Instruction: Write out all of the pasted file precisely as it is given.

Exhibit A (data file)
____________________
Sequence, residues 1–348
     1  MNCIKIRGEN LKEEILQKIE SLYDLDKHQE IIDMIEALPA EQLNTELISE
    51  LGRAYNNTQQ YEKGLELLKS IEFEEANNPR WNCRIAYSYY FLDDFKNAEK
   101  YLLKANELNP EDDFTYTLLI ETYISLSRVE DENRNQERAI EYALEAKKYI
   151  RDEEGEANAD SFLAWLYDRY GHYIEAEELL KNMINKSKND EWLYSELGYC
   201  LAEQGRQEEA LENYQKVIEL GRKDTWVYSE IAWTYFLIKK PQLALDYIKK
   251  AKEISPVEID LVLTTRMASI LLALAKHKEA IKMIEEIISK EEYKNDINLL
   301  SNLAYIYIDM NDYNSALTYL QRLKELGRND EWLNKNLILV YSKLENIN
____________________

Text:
Sequence, residues 1–348
     1  MNCIKIRGEN LKEEILQKIE SLYDLDKHQE IIDMIEALPA EQLNTELISE
    51  LGRAYNNTQQ YEKGLELLKS IEFEEANNPR WNCRIAYSYY FLDDFKNAEK
   101  YLLKANELNP EDDFTYTLLI ETYISLSRVE DENRNQERAI EYALEAKKYI
   151  RDEEGEANAD SFLAWLYDRY GHYIEAEELL KNMINKSKND EWLYSELGYC
   201  LAEQGRQEEA LENYQKVIEL GRKDTWVYSE IAWTYFLIKK PQLALDYIKK
   251  AKEISPVEID LVLTTRMASI LLALAKHKEA IKMIEEIISK EEYKNDINLL
   301  SNLAYIYIDM NDYNSALTYL QRLKELGRND EWLNKNLILV YSKLENIN